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When their ship docks the crew disembark as usual to pick up their lives in postwar London. For one of them his petty smuggling turns more serious when he finds himself caught up with a robbery in the City.
Jim Ackland, who suffers from a head injury sustained in a bus crash, is the chief suspect in a murder hunt, when a girl that he has just met is found dead on the local common, and he has no alibi for the time she was killed. Written by
Mike Wilson <Mike.Wilson6@btinternet.com>
The superb John Mills plays a man with a history of emotional imbalance. He moves into a rooming house peopled by the sorts who might be charming in a Barbara Pym novel. Here they are increasingly less charming: There's the classic nosy landlady. There's an elderly resident who begs for more coal on the fire: The way she's written to do this made me think of a leitmotif from an Eliot poem.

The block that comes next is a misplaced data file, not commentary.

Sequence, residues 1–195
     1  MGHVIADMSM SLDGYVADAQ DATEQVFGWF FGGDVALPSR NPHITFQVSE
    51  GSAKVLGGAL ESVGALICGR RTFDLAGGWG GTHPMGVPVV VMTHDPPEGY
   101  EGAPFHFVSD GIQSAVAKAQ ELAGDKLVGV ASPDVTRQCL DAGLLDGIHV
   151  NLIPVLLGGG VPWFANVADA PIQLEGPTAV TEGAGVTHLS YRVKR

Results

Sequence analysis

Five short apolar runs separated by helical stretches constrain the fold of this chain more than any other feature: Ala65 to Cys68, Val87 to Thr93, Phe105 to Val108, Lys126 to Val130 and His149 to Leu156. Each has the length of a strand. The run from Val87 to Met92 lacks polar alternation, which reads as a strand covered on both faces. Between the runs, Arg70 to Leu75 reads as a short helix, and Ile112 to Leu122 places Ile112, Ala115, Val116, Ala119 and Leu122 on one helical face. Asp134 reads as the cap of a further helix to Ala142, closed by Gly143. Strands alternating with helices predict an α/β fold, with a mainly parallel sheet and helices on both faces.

There's a homely bachelor; there's an attractive young woman involved with a married man. And, there are assorted eccentrics thrown in as well.
Mills meets Joan Greenwood, she of the dark, husky voice. And a murder takes place.
That's all I will say, lest I give anything at all away: Try hard to see this little beauty of a film, knowing as little of the plot in advance as I did. Indeed, before today, I had never heard of it.
If it were an American film of this period it would be called a film noir. It has all the elements but I don't think I'd call it one. It's a psychological thriller, a mystery.
The secondary roles are cast superbly in every case. It's tense, filled with fascinating characters -- it lacks almost nothing. And the two stars could scarcely be better.
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